I would like to introduce you to my daughter Beatrice in this blog. She was asked to write a memoir for her Grade 11 English class and this is what she shared with her teacher (who also happens to be her mom). Please enjoy as I did.
I was highly anxious, as I had predicted, the day we flew out to Calgary. It was my first time on a plane. It was early August, and I was fifteen years old. Not the normal age for a girl with relatives on the other side of the country to ride a plane for the first time. On the drive to the airport I listened to Jessica Andrews “Who I Am” and my Michael Jackson playlist to try and boost my confidence. I was wearing pyjamas and my navy housecoat that made me feel like Captain Jack Harkness, one of my favorite characters from my favorite TV show, Torchwood.
My mother wanted to park in section G for ‘Gauthier’, but there were no spots free. I said we should park in section F, because that was exactly how I felt. We had arrived way too early in my opinion so we sat and waited for our plane to board for two hours. I had a sour cream glazed doughnut for lunch, though I didn’t really feel like eating. I remember looking in the mirror in the airport bathroom and thinking about how pale and sick I looked. While we waited I read a book to keep my mind occupied, Torchwood novel #4, Something in the Water. That helped a little.
When we finally boarded the plane, I could feel my legs trembling. I was so scared, but I tried to put on a brave face. Tried to make myself feel excited about this. I remembered what my father had said years ago: “the adventure of a lifetime! You don’t want to miss it!” But he had died that spring of a heart attack, so there were no encouraging words now. But I knew I had to do this. For him. To show him I could do this. I smiled at the flight attendants and the pilot in their white and navy uniforms as we boarded, taking in their polite confidence. They seemed so sure that nothing could go wrong. How did they do that? We were seated near the back of the plane, and I was right next to the window. I looked out at the wing of the plane and tried not to think about how flimsy it seemed to be. Then I looked at the articles stuffed in the seat in front of me. Routines in case of disaster. Fire. Crash-landing. What to do if we had to make an emergency landing in water.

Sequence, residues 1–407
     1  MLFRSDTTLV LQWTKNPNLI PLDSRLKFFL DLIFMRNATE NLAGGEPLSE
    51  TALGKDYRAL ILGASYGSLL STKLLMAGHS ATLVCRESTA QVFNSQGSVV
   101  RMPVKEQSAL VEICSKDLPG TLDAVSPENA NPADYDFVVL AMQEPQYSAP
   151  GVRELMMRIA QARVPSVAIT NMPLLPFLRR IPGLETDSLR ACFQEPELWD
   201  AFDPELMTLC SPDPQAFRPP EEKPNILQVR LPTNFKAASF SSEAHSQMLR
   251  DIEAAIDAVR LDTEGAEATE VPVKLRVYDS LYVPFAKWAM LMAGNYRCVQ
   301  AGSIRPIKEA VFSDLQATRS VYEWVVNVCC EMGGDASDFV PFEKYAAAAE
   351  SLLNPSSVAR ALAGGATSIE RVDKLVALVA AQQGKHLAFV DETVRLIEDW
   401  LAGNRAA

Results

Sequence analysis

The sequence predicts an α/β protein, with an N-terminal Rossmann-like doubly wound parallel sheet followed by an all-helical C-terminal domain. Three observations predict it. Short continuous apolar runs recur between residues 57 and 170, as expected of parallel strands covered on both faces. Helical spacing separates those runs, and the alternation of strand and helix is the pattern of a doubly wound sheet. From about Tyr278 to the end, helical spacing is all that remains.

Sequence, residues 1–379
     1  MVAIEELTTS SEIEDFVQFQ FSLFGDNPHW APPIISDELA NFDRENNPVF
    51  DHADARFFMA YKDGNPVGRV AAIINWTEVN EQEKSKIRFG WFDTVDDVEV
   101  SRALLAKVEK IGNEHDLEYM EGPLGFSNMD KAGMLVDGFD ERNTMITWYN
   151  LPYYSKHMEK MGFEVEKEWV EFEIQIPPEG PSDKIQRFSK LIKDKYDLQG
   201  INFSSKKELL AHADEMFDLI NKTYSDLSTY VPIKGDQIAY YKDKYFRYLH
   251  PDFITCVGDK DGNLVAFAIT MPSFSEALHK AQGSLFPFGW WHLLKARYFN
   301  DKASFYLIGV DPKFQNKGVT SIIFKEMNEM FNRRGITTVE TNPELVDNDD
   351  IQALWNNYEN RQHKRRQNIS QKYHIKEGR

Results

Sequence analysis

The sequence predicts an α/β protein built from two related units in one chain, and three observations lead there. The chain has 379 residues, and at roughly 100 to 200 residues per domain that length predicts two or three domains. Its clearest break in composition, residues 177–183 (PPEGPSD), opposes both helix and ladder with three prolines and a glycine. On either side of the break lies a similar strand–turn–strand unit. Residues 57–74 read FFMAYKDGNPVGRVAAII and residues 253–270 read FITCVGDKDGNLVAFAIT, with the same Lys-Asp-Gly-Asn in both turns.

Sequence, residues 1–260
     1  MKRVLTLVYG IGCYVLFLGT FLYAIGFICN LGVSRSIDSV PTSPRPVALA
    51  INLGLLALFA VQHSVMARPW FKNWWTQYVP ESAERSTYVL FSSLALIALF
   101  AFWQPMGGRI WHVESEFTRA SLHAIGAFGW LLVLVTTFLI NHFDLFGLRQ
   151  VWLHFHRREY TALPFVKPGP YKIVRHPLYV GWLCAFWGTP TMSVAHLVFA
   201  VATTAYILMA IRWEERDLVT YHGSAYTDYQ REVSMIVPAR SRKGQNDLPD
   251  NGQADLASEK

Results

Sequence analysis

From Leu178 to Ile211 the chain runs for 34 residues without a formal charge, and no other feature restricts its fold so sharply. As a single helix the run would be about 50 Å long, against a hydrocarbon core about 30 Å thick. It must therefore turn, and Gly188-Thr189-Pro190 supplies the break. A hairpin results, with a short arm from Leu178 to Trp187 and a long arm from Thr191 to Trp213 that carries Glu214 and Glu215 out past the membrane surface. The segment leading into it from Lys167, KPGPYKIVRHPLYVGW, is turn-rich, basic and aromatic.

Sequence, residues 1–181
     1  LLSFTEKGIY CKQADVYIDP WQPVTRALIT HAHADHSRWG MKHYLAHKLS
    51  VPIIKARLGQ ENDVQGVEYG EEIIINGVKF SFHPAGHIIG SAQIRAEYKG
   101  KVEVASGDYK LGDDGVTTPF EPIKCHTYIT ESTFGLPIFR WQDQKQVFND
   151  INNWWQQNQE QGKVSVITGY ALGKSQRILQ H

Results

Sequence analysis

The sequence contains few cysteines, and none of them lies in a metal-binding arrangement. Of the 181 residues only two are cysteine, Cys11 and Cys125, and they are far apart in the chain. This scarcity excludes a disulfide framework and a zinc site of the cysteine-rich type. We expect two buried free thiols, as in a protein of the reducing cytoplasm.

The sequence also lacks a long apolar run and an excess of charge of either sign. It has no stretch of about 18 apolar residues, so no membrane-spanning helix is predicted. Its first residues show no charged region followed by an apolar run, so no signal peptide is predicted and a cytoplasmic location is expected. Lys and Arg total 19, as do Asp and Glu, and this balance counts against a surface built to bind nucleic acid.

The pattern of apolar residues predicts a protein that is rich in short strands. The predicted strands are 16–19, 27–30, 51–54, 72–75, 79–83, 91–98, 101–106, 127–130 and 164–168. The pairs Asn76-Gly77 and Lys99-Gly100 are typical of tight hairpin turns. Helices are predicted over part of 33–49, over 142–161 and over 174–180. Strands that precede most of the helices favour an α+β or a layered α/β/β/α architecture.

“Better not look at that.” My mother said. She was right. I started listening to a Torchwood audio drama called Believe.
I was sure the soothing voices of Gareth David-Lloyd and John Barrowman, the actors who played my two favorite characters, would get me through this. I remember the feeling I got when the plane lifted off. I felt my stomach drop and my head spin and I might have uttered a curse, signing the cross against my chest. Then I remember a feeling of elation.
I thought, and then I had to fight not to cry. I didn’t wanna cause an emotional scene in front of all these people who would probably smile in sympathy while thinking “she’s crazy” over and over. So much for that. Two hours into a five-hour flight, I threw up my sour cream glazed doughnut into three separate barf bags. After that I tried to go to sleep, but I mostly just lay awake and hoped to either die or for the plane to teleport to Calgary really quick so I could just get this hell-hole of a state of existence over with. Three hours later we landed, and even though I was tired, I couldn’t help but feel a thrill. The family in the row on the other side of the aisle had kindly donated their barf bags when I had thrown up and now their kids were staring at me like they wanted to say “haven’t you ever been on a plane before?” We met my Aunt Monique and Uncle Todd in the airport, picked up our luggage, and drove to their house. My watch said it was midnight, but here it was more like nine. I’ll always remember what my aunt said to me as we left the airport:
“You haven’t lived until you’ve filled one of the little white bags!”
“I’ve lived three times over, then.” I replied. And that was the summer I touched the sky.